Wednesday, 4 February 2009

The Thirties

Sound was still in it's infancy in the early thirties. Many of these early films were studio bound, due mostly to the restraints of sound recording equipment, cameras were noisy, microphones were large and cumbersome. The cameras being noisy had to be placed in sound proof boxes, making them even more un-managable. Films set around places such as theatres, houses or hotels were the order of the day. Films that required shooting outdoors, these scenes were almost alway shot silent. The other way around the outdoor location was the rolling backdrop which gave the impression of action taking place outdoors, where all the bulky equipment stayed put.

Cartoons, with the like of Mickey Mouse were quite prolific in these early days. As were the introduction of Newsreel films, and instructive films. A series of films were made by the golfing professional Bobby Jones.

As we move on to the mid thirties advances in technology had made the leap over to colour. The first all colour film to be shown in Edinburgh was Becky Sharpe in November of 1935. Disney's silly symphonies had been in colour, and other films had been colourised, but it was Becky Sharpe the first true tri-colour film.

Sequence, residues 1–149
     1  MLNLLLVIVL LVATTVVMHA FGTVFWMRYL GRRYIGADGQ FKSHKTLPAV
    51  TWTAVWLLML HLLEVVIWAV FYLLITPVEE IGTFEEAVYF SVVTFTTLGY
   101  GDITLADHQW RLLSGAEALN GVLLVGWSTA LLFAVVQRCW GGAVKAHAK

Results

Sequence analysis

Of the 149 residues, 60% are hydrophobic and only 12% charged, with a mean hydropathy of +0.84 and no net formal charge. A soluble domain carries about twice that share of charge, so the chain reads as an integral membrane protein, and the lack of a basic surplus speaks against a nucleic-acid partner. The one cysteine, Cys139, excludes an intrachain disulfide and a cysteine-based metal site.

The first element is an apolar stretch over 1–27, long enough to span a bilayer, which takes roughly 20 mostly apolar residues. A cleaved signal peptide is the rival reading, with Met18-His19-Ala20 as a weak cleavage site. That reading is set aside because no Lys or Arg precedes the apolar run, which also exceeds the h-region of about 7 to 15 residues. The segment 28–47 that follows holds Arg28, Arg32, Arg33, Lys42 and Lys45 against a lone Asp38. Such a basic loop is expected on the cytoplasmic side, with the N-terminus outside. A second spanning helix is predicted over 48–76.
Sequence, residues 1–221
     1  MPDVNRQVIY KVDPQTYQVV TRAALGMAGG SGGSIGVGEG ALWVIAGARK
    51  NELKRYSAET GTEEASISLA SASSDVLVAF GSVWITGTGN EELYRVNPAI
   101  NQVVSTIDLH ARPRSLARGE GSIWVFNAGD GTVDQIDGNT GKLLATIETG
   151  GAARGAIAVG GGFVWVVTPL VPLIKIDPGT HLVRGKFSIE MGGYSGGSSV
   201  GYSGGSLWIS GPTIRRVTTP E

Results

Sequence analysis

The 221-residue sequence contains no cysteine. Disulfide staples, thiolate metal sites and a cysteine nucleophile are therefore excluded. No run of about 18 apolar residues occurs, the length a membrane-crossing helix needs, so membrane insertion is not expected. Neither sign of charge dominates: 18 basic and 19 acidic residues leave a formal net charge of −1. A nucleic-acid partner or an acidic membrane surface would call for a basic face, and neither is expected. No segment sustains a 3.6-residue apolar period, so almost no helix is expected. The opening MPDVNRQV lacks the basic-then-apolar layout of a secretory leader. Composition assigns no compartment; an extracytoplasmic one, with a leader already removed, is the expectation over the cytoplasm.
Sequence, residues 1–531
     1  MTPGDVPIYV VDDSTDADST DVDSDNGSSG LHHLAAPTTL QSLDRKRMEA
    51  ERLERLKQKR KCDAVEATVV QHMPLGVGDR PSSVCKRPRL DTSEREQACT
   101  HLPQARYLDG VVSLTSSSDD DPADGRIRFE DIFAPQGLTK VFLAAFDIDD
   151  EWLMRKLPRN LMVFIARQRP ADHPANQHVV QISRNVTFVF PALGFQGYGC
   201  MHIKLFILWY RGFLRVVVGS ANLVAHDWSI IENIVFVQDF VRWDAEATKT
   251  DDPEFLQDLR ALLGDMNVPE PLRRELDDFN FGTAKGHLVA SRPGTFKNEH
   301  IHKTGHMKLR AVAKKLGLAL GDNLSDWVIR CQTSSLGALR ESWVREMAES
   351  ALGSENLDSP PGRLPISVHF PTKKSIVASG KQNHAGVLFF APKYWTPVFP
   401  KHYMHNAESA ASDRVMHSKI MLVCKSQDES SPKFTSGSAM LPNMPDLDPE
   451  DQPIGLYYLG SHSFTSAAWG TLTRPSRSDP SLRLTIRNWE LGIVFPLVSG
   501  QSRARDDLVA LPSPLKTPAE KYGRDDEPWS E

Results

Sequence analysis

Names like Alfred Hitchcock were making a name for themselves at around this time too with films like The Thirty Nine Steps and The Lady Vanishes.

The New Victoria, like other cinemas not only showed films, but broadcast radio show too, yet another way to get people in through the door.

In October of 1938, a film that all the critics said would fail made it's debut in the New Victoria, the film a classic of the cinema even today was that of Snow White and the Seven Dwarfs. Disney had proved the critics wrong. From then on people waited eagerly for the next Disney feature length cartoon.

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